Data protection in M&A transactions

Data protection in M&A transactions

Data protection for company sales

Is data protection important in M&A transactions? Or is it "nice to have" and can be neglected in favor of "hard" business facts? These questions can be answered quickly. Legally compliant data protection is definitely a business factor. Violations of the requirements of the GDPR can result in fines of up to 20 million euros or up to four percent of the previous year's global turnover.

The Marriott hotel group, for example, was fined 110 million euros in 2019 for the consequences of a cyber attack on a hotel group it acquired in 2014. Although this fine was later reduced to 20 million euros, it clearly shows that deficiencies in the data protection organization of a target company can entail considerable risks for the buyer.

It is also necessary to clarify the legal basis on which personal data can be transferred from the target company to the potential buyer. Is consent required here? Or can it be based on legitimate interest? There are also considerable pitfalls lurking here.


Data protection as part of due diligence


Regardless of the type of transaction being sought (share transfer, asset deal or merger), the issue of data protection should always be part of the due diligence process. Due diligence is a detailed economic and legal analysis of the target company. The aim is to identify risks, mitigate them and/or "price" them.


The following list of questions may be helpful:

  1. What categories of personal data does the target company process? What risks may result from this? Which laws are relevant?
  2. How and for what purpose should the target company's data be used in the future? What legal basis can be used for this? For example, is there documented consent for advertising purposes? What information obligations exist vis-à-vis the data subjects?
  3. What is the status of the target company's data protection organization? Are the processing directory, data protection policy, necessary processes regarding order processing, data subject rights or data transfers to third countries complete and up to date? If not, what resources are required to achieve an acceptable current status?
  4. Do appropriate technical and organizational measures exist at the target company and its service providers?
  5. What indications do past data breaches give of risks that still exist at the target company?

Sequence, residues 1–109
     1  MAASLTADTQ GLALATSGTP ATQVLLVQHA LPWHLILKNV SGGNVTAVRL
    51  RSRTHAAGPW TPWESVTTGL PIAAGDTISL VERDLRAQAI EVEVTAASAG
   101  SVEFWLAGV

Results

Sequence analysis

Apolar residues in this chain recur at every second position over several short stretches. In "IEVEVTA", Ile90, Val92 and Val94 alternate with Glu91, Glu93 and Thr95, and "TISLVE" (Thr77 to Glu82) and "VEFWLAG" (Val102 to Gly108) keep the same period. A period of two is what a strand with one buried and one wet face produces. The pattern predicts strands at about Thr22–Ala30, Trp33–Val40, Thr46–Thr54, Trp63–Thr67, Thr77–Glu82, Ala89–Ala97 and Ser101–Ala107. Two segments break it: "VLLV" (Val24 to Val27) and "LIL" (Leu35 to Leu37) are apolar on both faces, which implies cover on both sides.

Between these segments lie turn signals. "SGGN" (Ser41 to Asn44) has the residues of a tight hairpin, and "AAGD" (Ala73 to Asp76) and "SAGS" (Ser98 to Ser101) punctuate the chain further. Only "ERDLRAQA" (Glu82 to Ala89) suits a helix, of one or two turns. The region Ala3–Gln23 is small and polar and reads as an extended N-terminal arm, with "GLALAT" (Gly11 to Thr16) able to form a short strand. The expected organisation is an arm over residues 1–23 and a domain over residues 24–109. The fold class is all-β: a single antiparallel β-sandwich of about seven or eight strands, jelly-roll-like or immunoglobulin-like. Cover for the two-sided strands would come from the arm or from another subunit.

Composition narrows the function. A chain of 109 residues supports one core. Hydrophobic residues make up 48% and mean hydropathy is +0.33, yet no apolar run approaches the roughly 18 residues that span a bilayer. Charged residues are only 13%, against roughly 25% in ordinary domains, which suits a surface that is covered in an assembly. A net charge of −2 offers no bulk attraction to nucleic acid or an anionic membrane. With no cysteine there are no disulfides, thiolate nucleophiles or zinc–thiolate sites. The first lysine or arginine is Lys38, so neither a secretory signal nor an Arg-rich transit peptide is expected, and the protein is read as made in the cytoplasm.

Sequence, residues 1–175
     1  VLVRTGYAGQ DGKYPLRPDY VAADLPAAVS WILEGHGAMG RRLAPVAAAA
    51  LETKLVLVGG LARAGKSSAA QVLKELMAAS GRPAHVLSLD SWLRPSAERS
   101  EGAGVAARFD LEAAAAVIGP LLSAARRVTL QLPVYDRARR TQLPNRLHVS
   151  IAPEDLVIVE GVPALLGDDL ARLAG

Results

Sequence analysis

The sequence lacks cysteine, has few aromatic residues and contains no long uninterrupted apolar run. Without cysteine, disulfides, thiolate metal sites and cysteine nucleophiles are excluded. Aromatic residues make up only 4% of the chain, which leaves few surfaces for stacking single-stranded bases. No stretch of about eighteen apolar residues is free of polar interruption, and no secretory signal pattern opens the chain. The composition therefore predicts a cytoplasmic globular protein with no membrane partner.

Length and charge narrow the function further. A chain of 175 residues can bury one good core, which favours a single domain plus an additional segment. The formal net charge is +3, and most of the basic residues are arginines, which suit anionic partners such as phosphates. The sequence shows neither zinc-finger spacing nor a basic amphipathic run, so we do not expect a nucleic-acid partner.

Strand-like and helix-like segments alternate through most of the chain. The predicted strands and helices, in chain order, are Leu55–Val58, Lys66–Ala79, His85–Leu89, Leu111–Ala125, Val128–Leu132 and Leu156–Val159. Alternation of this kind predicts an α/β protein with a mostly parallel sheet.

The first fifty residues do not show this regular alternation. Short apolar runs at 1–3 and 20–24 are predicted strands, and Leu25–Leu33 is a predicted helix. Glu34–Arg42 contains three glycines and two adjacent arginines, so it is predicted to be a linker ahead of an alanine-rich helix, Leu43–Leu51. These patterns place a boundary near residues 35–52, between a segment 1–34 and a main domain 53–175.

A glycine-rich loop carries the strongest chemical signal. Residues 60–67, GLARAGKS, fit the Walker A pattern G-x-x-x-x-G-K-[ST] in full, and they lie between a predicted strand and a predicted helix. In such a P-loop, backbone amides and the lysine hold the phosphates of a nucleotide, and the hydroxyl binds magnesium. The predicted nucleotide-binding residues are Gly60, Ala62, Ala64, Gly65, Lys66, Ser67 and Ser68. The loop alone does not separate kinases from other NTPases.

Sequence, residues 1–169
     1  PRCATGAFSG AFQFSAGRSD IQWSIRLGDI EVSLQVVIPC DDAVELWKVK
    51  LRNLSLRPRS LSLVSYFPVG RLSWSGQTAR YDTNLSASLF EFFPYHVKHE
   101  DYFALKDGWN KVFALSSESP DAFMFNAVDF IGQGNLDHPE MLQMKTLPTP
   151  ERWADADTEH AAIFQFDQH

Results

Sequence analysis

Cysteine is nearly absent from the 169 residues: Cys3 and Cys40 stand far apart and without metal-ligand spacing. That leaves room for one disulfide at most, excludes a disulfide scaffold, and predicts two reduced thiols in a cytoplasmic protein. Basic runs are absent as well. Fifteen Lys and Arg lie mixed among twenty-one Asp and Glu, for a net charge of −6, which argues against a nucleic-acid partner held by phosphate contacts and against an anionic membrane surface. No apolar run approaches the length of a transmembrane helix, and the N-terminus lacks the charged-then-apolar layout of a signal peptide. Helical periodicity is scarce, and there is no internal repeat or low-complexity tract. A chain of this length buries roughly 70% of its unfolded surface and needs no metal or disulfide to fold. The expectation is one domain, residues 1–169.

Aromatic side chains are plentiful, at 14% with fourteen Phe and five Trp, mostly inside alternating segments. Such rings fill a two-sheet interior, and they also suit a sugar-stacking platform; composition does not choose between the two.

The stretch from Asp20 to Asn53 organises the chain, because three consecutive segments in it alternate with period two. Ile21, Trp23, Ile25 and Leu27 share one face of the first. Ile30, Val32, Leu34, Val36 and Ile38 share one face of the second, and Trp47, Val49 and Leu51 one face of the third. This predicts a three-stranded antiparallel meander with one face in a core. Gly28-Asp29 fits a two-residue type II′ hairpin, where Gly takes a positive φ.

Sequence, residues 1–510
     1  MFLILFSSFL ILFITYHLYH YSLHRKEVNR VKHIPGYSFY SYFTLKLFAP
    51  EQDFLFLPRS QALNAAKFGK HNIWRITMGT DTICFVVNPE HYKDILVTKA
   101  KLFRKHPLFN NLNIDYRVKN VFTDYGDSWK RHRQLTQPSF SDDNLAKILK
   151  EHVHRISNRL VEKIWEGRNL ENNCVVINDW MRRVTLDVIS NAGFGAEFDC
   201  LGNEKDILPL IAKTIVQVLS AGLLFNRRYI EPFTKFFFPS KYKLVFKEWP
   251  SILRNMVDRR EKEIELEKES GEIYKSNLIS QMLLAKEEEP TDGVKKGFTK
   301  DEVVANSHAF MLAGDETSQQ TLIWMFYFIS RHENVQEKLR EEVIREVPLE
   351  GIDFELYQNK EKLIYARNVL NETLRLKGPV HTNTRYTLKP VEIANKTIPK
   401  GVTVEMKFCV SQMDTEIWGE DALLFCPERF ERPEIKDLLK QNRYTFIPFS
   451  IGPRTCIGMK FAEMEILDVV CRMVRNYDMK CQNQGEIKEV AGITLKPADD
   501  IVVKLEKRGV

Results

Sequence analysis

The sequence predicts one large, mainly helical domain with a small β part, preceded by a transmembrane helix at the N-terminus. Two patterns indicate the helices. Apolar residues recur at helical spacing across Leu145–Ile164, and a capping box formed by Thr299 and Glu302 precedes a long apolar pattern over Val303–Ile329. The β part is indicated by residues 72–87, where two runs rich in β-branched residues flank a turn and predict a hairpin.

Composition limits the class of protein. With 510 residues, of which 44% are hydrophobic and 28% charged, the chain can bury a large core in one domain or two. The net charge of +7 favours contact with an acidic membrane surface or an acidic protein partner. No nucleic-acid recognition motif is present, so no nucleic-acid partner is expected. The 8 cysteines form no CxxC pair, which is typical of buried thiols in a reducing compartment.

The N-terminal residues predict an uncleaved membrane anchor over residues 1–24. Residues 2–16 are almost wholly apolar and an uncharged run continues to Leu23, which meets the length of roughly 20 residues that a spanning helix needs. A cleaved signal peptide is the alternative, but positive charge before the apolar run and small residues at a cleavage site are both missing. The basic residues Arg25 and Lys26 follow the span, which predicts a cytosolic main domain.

Once the risks have been identified, the effects and possible countermeasures must be the subject of a thorough analysis, a kind of "merger impact assessment".

As part of the due diligence process, a potential buyer may gain access to IT systems containing personal data of employees and customers of the target company. Confidentiality declarations and confidentiality obligations must be obtained beforehand. In addition, the legal basis for a data transfer from the target company to the potential buyer must be clarified. This could be consent in the case of only a few people, or legitimate interest in the case of a large number of people, but only after a balancing of interests has taken place, whereby information must be provided in accordance with Art. 13 or 14 GDPR in each case and the right to object must be pointed out. It should also be checked whether the same purposes cannot be achieved with aggregated or pseudonymized data. The principles of data economy and data minimization also apply here.

If at all possible, no special categories of personal data should be stored in the "Data Room". If this does become necessary, then only with the prior informed consent of the data subjects. In addition, the documents should be copy-protected and locked against printing, and a contract for order processing should be concluded with the provider of the data room.

After completion of the transaction

Once an M&A transaction has been completed, a new data protection organization usually has to be set up, which may have to comply with the legal requirements of several countries: From accountability, information and reporting obligations to data subject rights. Existing legal bases may also need to be reviewed, for example when using customer data from the acquired company for the buyer's advertising purposes.

The requirements of the GDPR must also be observed when merging different IT systems. In addition, the technical and organizational measures of the service providers must be checked and order processing contracts or standard contractual clauses must be concluded. Deletion and further retention obligations must also be reviewed, possibly also in the event of a (partial) closure of the acquired company.

Is your company planning a takeover? Or is it to be taken over? 2B Advice will be happy to provide you with expert advice on how to identify, reduce and manage potential data protection risks in an M&A transaction.


Get in touch with us today! We look forward to an exciting challenge together with you: 0228 / 926165 -100.

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